The Taliban's expansion beyond the FATA into North West Frontier Province districts such as the Swat valley has owed much to the militants' own determination, something to the limitations of the Pakistani forces' response, and a degree to the willingness of many people in the province to support the movement. Against their fear-inducing rigidity and violence, many people initially welcome the degree of stability and freedom from corruption they offer.
There is a certain parallel here with the Taliban's takeover of much of Afghanistan in the mid-1990s, when the group was seen as a preferred alternative to the brutal warlordism of the Northern Alliance. True, circumstances for the marginalised majority of people in western Pakistan are nothing like as bad as in an Afghanistan then disfigured by around seventeen years of war; but the dynamics of local sentiment are not so different.
A Pakistani axis
More deeply, assessments of potential support for the Taliban in western Pakistan almost invariably miss the nature of a deeply divided society. The main source of power in most of Pakistan lies in two areas: a fairly small number of very wealthy families that may often be in competition with one other but also compose an elite that sees itself as born to rule; and (guaranteeing the elite's social and political power) the Pakistani army that has ruled the country directly for much of the country's sixty-one years of the time since independence, and acted as a power behind the throne on other occasions (see Ehsan Masood, "Pakistan: the army as the state", 12 April 2007).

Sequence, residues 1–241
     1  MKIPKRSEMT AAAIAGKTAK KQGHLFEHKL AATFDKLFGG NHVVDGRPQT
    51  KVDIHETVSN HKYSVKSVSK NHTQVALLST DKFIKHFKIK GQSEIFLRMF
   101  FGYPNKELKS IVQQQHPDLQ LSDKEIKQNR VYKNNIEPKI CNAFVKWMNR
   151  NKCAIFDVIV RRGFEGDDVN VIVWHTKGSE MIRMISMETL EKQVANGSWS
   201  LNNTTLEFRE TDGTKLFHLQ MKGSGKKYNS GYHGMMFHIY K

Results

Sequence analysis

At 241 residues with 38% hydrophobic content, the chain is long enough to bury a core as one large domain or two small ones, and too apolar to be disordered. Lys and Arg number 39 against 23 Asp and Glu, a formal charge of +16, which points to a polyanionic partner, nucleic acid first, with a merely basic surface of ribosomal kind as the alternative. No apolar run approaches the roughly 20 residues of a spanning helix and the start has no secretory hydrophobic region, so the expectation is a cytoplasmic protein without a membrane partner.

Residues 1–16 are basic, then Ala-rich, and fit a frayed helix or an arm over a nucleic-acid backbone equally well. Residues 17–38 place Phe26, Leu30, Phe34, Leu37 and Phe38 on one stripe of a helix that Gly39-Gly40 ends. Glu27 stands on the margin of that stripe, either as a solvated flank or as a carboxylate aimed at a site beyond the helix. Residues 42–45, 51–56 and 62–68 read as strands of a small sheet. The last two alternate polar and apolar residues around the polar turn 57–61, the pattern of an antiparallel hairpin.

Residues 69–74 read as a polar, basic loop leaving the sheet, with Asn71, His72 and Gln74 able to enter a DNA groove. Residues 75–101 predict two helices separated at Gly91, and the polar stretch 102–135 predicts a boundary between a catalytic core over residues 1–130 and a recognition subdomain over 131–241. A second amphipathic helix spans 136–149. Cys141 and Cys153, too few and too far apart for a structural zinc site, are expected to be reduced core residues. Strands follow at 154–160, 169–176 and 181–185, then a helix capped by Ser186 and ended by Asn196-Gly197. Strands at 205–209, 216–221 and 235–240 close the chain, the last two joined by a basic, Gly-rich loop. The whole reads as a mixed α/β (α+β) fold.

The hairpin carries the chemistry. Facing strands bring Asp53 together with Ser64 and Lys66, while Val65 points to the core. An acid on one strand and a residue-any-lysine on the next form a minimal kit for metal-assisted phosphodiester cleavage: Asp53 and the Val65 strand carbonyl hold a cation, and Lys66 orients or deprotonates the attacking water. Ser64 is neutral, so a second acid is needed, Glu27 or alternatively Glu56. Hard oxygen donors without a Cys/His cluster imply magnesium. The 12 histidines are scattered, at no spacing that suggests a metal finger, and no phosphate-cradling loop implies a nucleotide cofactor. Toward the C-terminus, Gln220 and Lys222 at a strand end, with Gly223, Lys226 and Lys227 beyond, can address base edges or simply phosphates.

The army's officer class is drawn partly from the elite families; but it has its own power-base that stems both from its troops and sheer firepower, and from the large economic enterprises it controls (see Ayesha Siddiqa, Military Inc.: Inside Pakistan's Military Economy [Pluto Press, 2007]). The army's strategic outlook makes it in key respects more focused than the civilian elite on the perceived threat to Pakistan from India, as well as more determined to maintain maximum influence in Afghanistan, not least by promoting Islamist movements.